jueves, 14 de agosto de 2008

29th June 2008

I am listening to Kumbia Kings in the kitchen of a hostel in Zihuantenejo. I have a feeling that my enthusiasm for Mexican pop will not be shared once I hit London; the idea of Estos Celos blasting out of speakers in my beloved grey city seems on the verge of absurd. It fits here. It fits life here, and it is truly something I will miss. I spent an hour or two in a hostel in Mexico City where they were playing music made by boys with guitars and sepia videos, droning on about some emotional fuckwittery or other; just, in fact the type of music that I used to like very much. It just made me crave some unashamedly cheery sounding Mexican music; despite the fact that half the time they are singing about their depth of love and the other half is about how they’ve been cheated on, they are not afraid to use a few trumpets or cumbia rhythms to bring their point home. Britain will seem truly grey and quiet without this music blasting from every conceivable corner; shops, cars, taxis, buses, people. A bus that does not judder dangerously each time it breaks, a bus without mirrors, dedications to Christ and the Virgin de Guadalupe and rosary beads, without Te Quiero on the radio, people attempting to convert you or sell you something, is a boring bus indeed. Even better were the onboard buskers; Julia and I used to catch the bus together, attempting to sit as the bus lurched, without spilling our precious Oxxo coffee, and every now and again we were joined by a group of busking Mariachi, which cheered up the morning no end. It was sensible on their part too; the air-conditioned buses were a blessed relief in the Monterrey heat. Less enjoyable was sitting on a bus in Saltillo once and having a musically challenged young busker sing a group of love songs into my face, inches away. Minutes felt like hours.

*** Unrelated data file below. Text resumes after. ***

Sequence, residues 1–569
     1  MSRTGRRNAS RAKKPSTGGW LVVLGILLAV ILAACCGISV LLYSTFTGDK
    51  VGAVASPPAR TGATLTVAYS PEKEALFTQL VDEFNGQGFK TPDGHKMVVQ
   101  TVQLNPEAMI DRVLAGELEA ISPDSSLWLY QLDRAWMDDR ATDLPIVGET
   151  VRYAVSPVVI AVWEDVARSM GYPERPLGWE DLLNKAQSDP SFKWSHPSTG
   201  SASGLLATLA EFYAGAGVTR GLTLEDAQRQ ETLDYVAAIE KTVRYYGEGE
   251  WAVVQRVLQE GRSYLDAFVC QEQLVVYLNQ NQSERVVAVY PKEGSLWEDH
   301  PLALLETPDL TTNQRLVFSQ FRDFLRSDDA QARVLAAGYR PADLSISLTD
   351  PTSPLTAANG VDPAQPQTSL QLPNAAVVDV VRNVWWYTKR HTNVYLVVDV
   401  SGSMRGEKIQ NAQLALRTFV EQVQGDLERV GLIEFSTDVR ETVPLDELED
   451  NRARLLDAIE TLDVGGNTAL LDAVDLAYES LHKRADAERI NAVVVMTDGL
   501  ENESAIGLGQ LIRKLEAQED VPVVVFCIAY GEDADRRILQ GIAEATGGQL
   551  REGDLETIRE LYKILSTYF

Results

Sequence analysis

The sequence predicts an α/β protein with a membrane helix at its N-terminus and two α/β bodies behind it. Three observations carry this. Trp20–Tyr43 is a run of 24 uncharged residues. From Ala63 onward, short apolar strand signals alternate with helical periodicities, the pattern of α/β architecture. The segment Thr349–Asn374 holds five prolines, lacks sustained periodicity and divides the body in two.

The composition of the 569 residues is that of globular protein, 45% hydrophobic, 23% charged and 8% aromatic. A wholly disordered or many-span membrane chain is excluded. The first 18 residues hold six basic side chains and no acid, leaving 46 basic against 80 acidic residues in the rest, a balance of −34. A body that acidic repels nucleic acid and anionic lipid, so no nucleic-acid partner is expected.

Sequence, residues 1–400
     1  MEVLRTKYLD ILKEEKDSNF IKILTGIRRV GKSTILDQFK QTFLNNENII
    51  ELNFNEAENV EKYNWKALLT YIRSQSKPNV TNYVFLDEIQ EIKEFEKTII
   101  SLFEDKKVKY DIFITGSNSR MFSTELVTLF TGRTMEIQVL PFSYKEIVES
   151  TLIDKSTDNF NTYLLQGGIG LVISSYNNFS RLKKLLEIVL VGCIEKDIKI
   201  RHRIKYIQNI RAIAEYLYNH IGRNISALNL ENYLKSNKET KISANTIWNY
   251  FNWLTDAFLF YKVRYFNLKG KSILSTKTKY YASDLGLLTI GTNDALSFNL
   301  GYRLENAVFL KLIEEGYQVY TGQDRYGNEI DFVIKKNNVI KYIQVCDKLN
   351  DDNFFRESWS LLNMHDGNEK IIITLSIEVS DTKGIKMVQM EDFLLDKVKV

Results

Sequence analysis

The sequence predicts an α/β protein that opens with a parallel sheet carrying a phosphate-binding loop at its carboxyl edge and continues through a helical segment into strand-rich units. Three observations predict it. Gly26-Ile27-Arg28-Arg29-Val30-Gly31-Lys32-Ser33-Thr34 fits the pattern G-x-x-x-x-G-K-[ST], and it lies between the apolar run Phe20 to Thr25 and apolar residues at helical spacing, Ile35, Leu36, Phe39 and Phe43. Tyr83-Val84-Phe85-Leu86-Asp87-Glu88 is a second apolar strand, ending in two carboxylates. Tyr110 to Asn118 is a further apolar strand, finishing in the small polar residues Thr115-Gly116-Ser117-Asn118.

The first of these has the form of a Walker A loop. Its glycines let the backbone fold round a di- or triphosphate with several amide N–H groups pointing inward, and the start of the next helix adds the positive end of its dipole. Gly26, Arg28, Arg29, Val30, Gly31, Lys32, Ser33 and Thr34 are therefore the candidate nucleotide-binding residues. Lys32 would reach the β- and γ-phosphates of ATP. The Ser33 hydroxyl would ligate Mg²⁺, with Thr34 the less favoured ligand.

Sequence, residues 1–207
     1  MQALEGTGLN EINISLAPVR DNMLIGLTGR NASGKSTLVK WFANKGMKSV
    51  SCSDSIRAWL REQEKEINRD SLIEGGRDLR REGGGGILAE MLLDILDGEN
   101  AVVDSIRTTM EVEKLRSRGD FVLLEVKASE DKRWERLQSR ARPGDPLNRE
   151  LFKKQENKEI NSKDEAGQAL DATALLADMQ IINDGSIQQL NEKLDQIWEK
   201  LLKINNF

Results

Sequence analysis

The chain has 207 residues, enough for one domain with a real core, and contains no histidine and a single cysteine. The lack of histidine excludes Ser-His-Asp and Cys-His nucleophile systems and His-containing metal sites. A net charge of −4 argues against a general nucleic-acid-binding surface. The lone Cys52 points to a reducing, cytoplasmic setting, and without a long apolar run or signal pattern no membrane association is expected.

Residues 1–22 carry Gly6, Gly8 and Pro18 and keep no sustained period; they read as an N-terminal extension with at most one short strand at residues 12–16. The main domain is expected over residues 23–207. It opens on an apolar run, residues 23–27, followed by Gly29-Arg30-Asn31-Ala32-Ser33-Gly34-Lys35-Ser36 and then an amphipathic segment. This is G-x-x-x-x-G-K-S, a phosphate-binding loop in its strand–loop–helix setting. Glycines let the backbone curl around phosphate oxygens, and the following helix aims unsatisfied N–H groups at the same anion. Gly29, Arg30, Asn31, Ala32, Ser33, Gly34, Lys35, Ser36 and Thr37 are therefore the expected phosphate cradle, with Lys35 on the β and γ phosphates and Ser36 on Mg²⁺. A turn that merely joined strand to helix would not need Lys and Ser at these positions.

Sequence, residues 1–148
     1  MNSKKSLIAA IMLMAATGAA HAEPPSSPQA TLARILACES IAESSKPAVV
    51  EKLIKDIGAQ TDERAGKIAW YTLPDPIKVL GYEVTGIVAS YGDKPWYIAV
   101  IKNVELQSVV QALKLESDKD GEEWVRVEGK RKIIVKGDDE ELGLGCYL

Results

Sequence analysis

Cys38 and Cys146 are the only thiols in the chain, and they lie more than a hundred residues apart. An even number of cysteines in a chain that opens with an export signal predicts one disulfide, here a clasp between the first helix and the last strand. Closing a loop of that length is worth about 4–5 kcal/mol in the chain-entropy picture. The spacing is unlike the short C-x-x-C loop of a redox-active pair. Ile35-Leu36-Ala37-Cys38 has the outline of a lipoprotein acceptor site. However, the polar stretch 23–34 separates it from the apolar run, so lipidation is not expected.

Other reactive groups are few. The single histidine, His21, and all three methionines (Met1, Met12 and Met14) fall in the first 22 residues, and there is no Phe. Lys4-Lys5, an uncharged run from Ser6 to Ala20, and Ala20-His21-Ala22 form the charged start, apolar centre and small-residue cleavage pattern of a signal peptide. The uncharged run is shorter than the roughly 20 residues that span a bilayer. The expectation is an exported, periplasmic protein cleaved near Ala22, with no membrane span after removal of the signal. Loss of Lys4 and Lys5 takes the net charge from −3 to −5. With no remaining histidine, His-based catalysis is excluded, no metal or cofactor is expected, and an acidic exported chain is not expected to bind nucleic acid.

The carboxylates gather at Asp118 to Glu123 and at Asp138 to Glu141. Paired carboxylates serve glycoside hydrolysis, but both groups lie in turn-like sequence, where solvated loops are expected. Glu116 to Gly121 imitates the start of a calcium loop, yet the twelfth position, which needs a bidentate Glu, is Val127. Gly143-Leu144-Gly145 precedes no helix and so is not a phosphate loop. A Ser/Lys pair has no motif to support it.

It is strange to contemplate how it will be to be in London again; the difference in air and climate, attitudes and people, manners and tips, values and way of going about things, the size of the city, and how everyone and everything is packed in together; none of the room to sprawl luxuriously, lazily and unattractively, like the cities here. I imagine the strangest feeling will be the immediate familiarity of all of the above; all of that which seems far away and foreign now.

No hay comentarios: